Media: Strategy Analysis - Cyberpets campaign for real animals

campaignlive.co.uk, Friday, 11 August 2006 12:00AM

Brand: RSPCA
Client: David Bowles, head of communications, RSPCA
Brief: Re-engage elusive and dismissive child and teenage audiences with
the RSPCA and animal welfare issues
Target audience: Children and teenagers
Budget: Undisclosed

AGENCIES
Communication strategy: Rocket
Digital creative & production: Lateral
Media buying: Rocket/PHDiQ

STRATEGY

One of the most significant issues facing the RSPCA is that the profile of its supporter base is ageing at a faster rate than ever before in its history. In order to ensure the RSPCA is still relevant to future generations, it needed to re-engage young audiences with its work and animal welfare issues.

Traditionally, domestic pet ownership used to teach children about the importance of animal welfare and provided a natural introduction and entry point to the work of the RSPCA. However, pet ownership has been in continual decline over the past 20 years and now fewer than half of all British homes own a domestic pet.

The decline in pet ownership is partly due to the popularity of video games and the internet among young people. The truth is children today would rather get home from school and play video games or chat with their friends online. In order to overcome this issue, it was decided that a change in the RSPCA's strategy was needed.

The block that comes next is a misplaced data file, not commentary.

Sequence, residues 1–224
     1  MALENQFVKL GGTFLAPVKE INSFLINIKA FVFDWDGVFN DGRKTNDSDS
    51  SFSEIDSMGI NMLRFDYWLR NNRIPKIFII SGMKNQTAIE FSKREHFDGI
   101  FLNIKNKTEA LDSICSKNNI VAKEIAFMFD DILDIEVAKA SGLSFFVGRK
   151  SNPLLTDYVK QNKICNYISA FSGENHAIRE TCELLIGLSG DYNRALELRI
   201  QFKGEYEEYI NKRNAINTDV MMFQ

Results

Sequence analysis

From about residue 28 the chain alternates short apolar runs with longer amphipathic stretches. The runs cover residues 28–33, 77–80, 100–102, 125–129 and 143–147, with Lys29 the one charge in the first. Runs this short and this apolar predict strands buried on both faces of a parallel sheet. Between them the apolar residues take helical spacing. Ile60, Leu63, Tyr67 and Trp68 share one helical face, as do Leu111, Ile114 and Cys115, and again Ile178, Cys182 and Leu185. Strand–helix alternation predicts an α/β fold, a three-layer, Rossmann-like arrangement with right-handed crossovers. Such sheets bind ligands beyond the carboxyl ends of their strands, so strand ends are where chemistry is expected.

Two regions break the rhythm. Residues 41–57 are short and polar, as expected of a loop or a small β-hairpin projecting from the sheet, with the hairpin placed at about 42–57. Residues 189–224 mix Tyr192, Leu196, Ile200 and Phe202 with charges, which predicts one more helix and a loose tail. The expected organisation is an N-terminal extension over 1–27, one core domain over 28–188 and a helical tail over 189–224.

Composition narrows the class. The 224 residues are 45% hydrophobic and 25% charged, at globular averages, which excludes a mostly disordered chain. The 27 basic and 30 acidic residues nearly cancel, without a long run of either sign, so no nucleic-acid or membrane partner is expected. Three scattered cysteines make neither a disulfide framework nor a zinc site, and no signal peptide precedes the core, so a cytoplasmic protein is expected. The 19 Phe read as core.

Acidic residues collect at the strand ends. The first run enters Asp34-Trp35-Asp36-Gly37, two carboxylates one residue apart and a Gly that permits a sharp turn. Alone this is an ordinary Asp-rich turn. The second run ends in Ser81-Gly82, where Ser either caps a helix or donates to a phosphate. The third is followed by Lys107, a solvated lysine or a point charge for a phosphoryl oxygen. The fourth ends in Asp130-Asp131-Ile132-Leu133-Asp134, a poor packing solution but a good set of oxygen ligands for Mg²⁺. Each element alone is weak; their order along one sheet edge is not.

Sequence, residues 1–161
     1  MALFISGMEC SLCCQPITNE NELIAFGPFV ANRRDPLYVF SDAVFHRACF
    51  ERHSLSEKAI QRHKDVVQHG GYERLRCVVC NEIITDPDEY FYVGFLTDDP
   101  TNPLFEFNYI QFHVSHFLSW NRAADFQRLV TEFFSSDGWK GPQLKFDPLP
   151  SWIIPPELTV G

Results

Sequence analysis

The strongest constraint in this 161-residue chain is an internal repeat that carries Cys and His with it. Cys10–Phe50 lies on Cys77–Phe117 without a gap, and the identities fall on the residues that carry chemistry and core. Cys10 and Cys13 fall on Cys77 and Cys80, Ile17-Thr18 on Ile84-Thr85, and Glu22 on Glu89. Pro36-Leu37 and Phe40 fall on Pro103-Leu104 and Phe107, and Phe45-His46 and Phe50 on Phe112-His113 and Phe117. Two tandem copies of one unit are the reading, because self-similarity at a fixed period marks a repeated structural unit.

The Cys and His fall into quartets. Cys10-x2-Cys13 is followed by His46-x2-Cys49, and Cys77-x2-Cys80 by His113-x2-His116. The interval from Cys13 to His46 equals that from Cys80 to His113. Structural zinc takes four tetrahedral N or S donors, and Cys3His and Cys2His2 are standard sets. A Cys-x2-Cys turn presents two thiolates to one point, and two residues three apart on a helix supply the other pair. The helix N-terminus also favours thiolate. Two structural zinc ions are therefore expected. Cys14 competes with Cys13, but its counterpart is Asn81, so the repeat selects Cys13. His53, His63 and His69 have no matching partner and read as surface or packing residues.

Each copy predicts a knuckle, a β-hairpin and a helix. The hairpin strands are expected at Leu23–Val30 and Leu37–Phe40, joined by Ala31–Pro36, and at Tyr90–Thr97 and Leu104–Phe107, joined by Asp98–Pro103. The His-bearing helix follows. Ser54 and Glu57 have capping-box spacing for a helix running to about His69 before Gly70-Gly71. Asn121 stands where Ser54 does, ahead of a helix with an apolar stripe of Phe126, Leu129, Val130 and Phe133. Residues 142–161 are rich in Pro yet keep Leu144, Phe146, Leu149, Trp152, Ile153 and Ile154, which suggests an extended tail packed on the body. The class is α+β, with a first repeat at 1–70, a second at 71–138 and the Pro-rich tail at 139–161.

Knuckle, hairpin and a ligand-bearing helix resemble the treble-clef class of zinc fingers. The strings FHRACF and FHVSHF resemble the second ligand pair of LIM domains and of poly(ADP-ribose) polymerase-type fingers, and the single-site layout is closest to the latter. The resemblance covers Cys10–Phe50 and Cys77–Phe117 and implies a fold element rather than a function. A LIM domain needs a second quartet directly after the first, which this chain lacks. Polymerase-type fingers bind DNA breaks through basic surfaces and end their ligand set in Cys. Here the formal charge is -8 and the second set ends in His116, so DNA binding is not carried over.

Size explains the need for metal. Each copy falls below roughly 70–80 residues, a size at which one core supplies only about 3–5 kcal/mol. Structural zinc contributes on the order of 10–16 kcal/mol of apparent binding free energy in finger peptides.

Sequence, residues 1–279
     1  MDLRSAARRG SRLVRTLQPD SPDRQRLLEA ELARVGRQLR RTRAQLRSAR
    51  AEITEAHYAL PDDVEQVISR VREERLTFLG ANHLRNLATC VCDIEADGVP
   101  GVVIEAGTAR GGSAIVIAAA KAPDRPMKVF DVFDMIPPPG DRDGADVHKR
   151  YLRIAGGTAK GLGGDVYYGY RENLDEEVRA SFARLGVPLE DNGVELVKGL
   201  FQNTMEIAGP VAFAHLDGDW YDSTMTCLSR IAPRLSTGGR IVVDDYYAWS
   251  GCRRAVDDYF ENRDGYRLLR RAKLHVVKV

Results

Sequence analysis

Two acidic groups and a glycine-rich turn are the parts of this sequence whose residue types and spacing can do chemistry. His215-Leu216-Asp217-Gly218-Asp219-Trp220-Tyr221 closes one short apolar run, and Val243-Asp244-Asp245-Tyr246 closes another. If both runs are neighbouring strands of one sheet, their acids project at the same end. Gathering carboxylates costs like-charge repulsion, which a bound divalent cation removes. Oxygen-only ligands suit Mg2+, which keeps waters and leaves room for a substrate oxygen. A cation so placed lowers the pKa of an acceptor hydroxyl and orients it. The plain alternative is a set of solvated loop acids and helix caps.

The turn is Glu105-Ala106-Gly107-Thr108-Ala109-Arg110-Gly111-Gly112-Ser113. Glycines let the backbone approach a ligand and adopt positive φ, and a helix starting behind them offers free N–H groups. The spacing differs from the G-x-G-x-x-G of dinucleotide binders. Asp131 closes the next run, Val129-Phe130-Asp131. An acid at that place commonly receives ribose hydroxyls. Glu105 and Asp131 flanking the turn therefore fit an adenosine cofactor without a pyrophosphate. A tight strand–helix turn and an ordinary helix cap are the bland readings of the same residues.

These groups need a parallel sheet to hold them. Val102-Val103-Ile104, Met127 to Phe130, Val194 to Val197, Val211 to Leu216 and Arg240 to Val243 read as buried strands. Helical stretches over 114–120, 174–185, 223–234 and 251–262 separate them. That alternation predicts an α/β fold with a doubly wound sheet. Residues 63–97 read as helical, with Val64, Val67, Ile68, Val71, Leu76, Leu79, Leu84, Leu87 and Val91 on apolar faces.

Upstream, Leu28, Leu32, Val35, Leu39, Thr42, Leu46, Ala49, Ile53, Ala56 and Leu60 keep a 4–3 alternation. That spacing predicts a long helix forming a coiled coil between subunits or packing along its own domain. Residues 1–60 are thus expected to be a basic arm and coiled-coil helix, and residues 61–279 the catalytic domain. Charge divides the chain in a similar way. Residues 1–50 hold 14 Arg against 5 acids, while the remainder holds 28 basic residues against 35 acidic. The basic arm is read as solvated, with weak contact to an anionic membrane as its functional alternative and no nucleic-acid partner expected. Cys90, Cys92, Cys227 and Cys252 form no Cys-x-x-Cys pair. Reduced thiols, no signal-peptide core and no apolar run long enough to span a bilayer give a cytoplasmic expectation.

EXECUTION

- Online: To ensure the communications strategy was relevant to a young, disengaged audience, it had to be entertaining and, above all, fun.

The first part of the campaign was designed to educate the target audience about responsible pet ownership. This was achieved with a virtual Cyberpet game, which was hosted on the RSPCA website.

Users were able to customise features of their Cyberpet and challenged to grow it to adulthood over a 30-day period. This involved daily visits to the website to provide shelter for the Cyberpet and ensure they were fed and exercised.

In order to drive adoption, users were required to register and word of mouth was generated through e-mail lists and online communities. Text messages and e-mails were also sent to young members on the RSPCA supporter database.

The next stage of the campaign was designed to educate the audience about animal welfare issues beyond simple pet ownership. One of the most important issues to the RSPCA is chicken farming, and the benefits of RSPCA Freedom Food.

To make this issue relevant to a young audience, a website was created that dovetailed with the interest and excitement surrounding the World Cup. This was achieved through the creation of a dedicated website - the World Cluck Soccer Skills game. The game challenged users to train a "healthy-welfare" chicken and test its football skills. The purpose of the game was to change the perception that healthy chickens are expensive and raise awareness of the health benefits.

RESULTS